Science.gov (United States)

    Ghebremeskel, Alazar N; Vemavarapu, Chandra; Lodaya, Mayur

    2007-01-10

    Formation of solid dispersions as a means to enhance the dissolution rate of poorly soluble Active pharmaceutical ingredients (APIs) typically employs hydrophilic polymer systems and surfactants. While the utility of the surfactant systems in solubilization is well known, the secondary effects of the same on processing and subsequent physical stability of the solid dispersions needs to be studied further. Physical blends of the poorly soluble API and hydrophilic polymers such as PVP-K30, Plasdone-S630, HPMC-E5, HPMCAS, and Eudragit L100 with mass ratio 1:1 were prepared. The surfactants tested in this study included Tween-80, Docusate sodium, Myrj-52, Pluronic-F68 and SLS. Thermal analysis of the API-polymer-surfactant blends suggested that the surfactants caused solvation/plasticization, manifesting in reduction of (i) the melting (T(m)) of API (ii) T(g) of the polymers and (iii) the combined T(g) of the solid dispersion formed from quench cooling. Explanation of these effects of surfactants is attempted based on their physical state (at the temperature of interest), HLB values and similarity of their solubility parameter values with respect to drug-polymer systems. Furthermore, extruded matrices containing different API-polymer (PVP-K30, Plasdone-S630, and HPMC-E5) mixtures prepared with and without surfactants, were produced by feeding the powder blend through a hot-melt extruder. The melt viscosity of the polymer blends was assessed by torque rheometry using a Haake Rheomix. The physicochemical properties of the extruded API-polymer-surfactant were characterized by differential scanning calorimetry, X-ray diffraction, Raman spectroscopy, and polarized microscopy. The results demonstrated that the glass transition temperature of the carrier polymers decreased as direct result of the surfactants in the extrudate, due to an increase in the chain mobility of polymers. A decrease in the melt viscosity was seen due to a plasticization of the polymer. The drug release

  15. Evaluating Chemical Dispersant Efficacy In An Experimental Wave Tank: 1, Dispersant Effectiveness As A Function Of Energy Dissipation Rate

    Science.gov (United States)

    Numerous laboratory test systems have been developed for the comparison of efficacy between various chemical oil dispersant formulations. However, for the assessment of chemical dispersant effectiveness under realistic sea state, test protocols are required to produce hydrodynam...

  16. Investigation and correlation of physical stability, dissolution behaviour and interaction parameter of amorphous solid dispersions of telmisartan: a drug development perspective.

    Science.gov (United States)

    Dukeck, R; Sieger, P; Karmwar, P

    2013-07-16

    The aim of this study was to investigate if amorphous solid dispersions of telmisartan, prepared in presence of different polymers, exhibit different structural and thermodynamic characteristics and whether these differences can be correlated to their physical stability (time to crystallisation) and dissolution behaviour. Amorphous samples were prepared by melt quenching. The resulting amorphous materials were characterised using X-ray diffraction, Raman spectroscopy and differential scanning calorimetry. All freshly prepared samples were completely X-ray amorphous (with a halo being the only feature in the diffractograms). The shape of the halos in the diffractograms varied suggesting structural variations in the near order of the molecules between the different amorphous solid dispersions (ASDs). Principal component analysis of the Raman spectra of the various ASD revealed that the samples clustered in the scores plot, again suggesting structural differences due to the presence of different drug-polymer interaction. The ranking of the samples with respect to physical stability and interaction parameter was: ASD of telmisartan:eudragit>ASD of telmisartan:soluplus>ASD of telmisartan:HPMC>ASD of telmisartan:PVP>amorphous telmisartan. The interaction parameter, calculated by using the Flory Huggins theory, showed a good correlation with the experimentally determined stability whereas a weak correlation was found with dissolution behaviour of different ASD. This study showed that correlation of physical stability and dissolution behaviour with calculated interaction parameter is possible for the same amorphous systems prepared by using different polymers. This could aid in selecting the most appropriate polymer for the development of optimised formulations containing amorphous drugs. It can be concluded that ASD prepared by using different polymers have different structural and thermal properties. These differences affect the physical stability and dissolution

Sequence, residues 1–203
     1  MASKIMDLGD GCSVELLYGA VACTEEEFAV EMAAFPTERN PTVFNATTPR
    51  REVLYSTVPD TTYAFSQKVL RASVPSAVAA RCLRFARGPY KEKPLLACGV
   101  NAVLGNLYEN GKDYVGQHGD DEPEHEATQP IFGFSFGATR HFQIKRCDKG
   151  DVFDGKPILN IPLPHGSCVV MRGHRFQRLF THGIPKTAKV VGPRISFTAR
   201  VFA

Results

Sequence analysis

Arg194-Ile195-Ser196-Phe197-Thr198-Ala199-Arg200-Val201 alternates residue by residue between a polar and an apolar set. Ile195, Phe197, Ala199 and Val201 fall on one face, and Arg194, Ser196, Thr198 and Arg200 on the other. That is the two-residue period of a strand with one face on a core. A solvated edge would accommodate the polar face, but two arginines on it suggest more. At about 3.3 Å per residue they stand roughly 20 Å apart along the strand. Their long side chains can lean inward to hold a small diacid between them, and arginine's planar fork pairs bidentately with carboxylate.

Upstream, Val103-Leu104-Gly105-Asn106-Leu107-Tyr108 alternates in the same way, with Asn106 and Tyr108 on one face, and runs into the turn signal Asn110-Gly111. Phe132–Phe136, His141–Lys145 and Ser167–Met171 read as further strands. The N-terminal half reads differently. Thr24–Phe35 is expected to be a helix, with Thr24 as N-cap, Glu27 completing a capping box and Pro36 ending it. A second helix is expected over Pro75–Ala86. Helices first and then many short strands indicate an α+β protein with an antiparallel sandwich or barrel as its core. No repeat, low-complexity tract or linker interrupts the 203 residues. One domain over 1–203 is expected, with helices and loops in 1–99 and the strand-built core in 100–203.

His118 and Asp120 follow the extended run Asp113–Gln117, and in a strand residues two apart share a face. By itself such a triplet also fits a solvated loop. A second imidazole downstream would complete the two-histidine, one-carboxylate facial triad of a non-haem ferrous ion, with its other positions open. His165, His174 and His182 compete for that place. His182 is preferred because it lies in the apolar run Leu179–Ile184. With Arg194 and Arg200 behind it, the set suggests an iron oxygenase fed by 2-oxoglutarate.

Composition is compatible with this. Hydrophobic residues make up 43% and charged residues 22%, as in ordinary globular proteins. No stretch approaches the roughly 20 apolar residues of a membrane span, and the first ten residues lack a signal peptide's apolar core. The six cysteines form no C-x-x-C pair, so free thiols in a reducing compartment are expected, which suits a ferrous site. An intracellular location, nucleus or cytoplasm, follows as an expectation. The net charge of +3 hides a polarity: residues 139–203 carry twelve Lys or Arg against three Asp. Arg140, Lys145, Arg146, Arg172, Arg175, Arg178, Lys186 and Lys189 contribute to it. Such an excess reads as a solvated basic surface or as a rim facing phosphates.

17. Determination of Hydrodynamic Parameters on Two--Phase Flow Gas - Liquid in Pipes with Different Inclination Angles Using Image Processing Algorithm

    Science.gov (United States)

    Montoya, Gustavo; Valecillos, María; Romero, Carlos; Gonzáles, Dosinda

    2009-11-01